“This committee is nothing more than a deranged ploy by the MAGA extremists who have hijacked the Republican Party and now want to use taxpayer money to push their far-right conspiracy nonsense,” Rep. Jim McGovern (D-Mass.) said during the vote to form the panel.
Plaskett was one of several Democrats who fell off of the powerful Ways and Means Committee this year as part of the reshuffling that saw Democrats lose seats as they fell into the minority.
Aside from Plaskett, the Democrats on the panel will be Reps. Stephen Lynch (Mass.), Linda Sánchez (Calif.), Debbie Wasserman Schultz (Fla.), Gerry Connolly (Va.), John Garamendi (Calif.), Colin Allred (Texas), Sylvia Garcia (Texas) and Dan Goldman, a New York freshman.
The COVID-19 panel, led by GOP Rep. Brad Wenstrup (Ohio), is also expected to be an arena of partisan combat.
Since the pandemic hit three years ago, Republicans have bashed public health officials — particularly Anthony Fauci, the former head of the National Institute of Allergy and Infectious Diseases — for recommending masks, commercial shutdowns and other precautionary measures to fight the virus. They’ve also accused Fauci and other health officials of disguising the origin of the coronavirus and the government’s gain-of-function research in China — highly partisan topics that are sure to surface quickly when the panel begins its work.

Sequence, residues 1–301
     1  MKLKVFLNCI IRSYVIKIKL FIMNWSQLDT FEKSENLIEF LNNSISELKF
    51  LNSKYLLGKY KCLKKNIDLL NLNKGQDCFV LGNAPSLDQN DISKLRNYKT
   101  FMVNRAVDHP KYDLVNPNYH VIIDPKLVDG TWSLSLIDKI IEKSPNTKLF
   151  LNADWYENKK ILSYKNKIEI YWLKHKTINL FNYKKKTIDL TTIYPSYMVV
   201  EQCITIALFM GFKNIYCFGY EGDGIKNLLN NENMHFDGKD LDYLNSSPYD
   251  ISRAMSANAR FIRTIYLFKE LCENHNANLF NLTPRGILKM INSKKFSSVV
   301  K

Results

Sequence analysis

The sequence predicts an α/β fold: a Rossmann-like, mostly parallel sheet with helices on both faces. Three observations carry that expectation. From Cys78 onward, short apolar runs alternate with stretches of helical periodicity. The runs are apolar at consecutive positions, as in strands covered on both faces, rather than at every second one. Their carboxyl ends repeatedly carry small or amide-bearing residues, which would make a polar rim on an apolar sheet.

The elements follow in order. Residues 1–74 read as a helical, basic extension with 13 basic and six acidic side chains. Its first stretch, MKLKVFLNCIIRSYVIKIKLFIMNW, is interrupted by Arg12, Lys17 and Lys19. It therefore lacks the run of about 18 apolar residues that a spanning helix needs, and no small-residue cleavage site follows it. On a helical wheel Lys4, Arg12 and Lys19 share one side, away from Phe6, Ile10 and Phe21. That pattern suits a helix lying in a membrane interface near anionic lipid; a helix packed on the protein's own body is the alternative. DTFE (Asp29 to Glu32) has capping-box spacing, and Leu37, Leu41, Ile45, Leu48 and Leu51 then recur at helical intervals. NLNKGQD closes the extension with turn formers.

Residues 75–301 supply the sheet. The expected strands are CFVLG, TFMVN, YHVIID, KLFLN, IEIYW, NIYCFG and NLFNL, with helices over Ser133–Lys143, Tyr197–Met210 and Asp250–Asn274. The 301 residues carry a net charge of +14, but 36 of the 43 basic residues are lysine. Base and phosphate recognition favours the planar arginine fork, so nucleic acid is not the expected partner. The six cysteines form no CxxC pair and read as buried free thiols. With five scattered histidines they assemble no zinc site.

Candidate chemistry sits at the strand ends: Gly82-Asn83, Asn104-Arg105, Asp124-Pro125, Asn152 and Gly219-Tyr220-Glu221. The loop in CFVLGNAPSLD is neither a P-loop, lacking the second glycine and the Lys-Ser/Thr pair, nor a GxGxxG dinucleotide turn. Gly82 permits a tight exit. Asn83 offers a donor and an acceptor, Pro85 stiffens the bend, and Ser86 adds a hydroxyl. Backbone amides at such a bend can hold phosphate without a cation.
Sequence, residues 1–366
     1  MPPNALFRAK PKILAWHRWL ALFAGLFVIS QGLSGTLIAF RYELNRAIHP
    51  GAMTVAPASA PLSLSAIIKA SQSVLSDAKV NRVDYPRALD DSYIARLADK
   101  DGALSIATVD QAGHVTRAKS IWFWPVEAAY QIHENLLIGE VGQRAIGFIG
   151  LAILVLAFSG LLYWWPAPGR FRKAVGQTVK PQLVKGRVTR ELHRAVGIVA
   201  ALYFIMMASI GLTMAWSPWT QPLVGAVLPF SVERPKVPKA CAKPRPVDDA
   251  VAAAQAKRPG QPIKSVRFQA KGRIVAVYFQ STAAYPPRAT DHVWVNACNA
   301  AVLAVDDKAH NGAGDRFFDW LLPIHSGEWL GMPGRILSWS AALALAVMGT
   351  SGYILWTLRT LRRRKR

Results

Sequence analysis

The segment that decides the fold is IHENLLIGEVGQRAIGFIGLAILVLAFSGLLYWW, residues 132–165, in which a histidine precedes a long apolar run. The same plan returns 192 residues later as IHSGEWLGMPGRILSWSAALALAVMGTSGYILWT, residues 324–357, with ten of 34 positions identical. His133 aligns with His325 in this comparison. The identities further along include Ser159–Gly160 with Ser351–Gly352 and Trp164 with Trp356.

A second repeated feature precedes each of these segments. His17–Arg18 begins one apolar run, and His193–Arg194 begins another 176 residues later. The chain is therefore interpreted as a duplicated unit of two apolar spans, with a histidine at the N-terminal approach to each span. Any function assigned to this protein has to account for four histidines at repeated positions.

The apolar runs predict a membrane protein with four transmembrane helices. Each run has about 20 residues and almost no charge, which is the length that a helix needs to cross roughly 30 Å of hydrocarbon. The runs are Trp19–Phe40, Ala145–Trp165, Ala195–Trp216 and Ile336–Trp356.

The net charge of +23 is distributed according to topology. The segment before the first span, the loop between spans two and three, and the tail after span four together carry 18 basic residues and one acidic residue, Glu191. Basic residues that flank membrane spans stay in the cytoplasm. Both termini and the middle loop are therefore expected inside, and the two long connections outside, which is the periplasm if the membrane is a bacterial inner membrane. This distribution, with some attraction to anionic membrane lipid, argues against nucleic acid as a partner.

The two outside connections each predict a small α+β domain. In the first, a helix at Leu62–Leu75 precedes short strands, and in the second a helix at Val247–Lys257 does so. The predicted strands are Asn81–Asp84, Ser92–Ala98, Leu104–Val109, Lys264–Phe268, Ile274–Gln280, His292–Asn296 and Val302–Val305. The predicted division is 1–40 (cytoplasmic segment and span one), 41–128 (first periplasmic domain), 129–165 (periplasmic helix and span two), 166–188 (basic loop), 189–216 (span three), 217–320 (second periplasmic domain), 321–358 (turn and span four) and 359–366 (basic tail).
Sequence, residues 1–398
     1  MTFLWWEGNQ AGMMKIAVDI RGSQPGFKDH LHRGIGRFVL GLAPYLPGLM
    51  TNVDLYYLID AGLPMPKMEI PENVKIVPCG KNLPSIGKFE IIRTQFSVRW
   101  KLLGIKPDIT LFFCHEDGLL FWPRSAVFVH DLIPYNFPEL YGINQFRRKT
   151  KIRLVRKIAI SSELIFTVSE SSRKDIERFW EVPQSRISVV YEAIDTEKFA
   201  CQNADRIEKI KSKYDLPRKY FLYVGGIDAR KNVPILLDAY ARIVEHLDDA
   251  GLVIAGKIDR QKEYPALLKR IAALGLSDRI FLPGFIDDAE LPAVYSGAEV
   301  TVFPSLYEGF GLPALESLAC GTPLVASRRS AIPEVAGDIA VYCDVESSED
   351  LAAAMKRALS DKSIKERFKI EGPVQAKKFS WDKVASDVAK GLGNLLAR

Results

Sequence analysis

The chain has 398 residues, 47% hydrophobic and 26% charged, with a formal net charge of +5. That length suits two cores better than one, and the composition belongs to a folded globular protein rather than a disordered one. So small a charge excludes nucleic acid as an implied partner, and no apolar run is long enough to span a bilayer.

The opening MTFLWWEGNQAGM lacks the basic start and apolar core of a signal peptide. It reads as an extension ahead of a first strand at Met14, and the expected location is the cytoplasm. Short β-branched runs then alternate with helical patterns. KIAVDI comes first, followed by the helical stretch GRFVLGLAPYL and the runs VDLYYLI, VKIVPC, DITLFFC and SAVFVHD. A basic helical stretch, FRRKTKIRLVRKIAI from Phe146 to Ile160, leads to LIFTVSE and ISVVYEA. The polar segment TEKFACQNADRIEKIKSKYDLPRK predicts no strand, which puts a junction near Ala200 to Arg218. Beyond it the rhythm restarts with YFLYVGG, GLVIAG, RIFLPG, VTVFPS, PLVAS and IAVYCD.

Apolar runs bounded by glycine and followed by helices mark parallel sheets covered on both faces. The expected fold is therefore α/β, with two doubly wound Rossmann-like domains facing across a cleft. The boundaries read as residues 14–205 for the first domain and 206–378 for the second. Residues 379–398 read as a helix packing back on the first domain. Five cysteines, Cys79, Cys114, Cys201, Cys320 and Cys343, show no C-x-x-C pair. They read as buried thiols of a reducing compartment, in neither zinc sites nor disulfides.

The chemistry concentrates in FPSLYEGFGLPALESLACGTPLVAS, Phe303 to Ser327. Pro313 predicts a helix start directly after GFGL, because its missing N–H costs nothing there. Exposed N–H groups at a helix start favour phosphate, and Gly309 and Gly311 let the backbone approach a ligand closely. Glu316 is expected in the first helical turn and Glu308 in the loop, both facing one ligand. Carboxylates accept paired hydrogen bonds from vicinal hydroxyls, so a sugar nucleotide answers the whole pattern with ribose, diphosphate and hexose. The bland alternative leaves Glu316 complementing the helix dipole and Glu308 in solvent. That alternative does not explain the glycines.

Providing the defense, Ruiz will be joined by Democratic Reps. Debbie Dingell (Mich.), Kweisi Mfume (Md.), Deborah Ross (N.C.) and Robert Garcia, a freshman from California.
The China committee is expected to be more cordial, as both parties are voicing concerns that Beijing’s growing global presence poses a direct threat to America’s national security and economic well-being. The panel was created with broad bipartisan support, and is chaired by Rep. Mike Gallagher (R-Wis.), a member of the Intelligence Committee who has worked well with Democrats. He and Krishnamoorthi have already co-sponsored legislation to ban Tim-Tok across the country.
The other Democrats on the China panel will be Reps. Kathy Castor (Fla.), André Carson (Ind), Seth Moulton (Mass.), Ro Khanna (Calif.), Andy Kim (N.J.), Mikie Sherrill (N.J.), Haley Stevens (Mich.), Jake Auchincloss (Mass.), Ritchie Torres (N.Y.) and Shontel Brown (Ohio).
In choosing a top Democrat for the Intelligence Committee, Jeffries faced a bounty of options: Virtually every Democrat on the panel, including Carson and Krishnamoorthi, was interested in replacing Schiff. Himes, however, was the expected pick of former Speaker Nancy Pelosi (D-Calif.), had she remained in power, and Jeffries didn’t stray from that plan.
Joining Himes on Intel will be Democratic Reps. Carson, Joaquin Castro (Texas), Krishnamoorthi, Jason Crow (Colo.), Ami Bera (Calif.), Plaskett, Josh Gottheimer (N.J.), Jimmy Gomez (Calif.), Chrissy Houlahan (Pa.) and Abigail Spanberger (Va.).
The panel is led by Chairman Michael Turner (R-Ohio).
Updated at 7:54 p.m.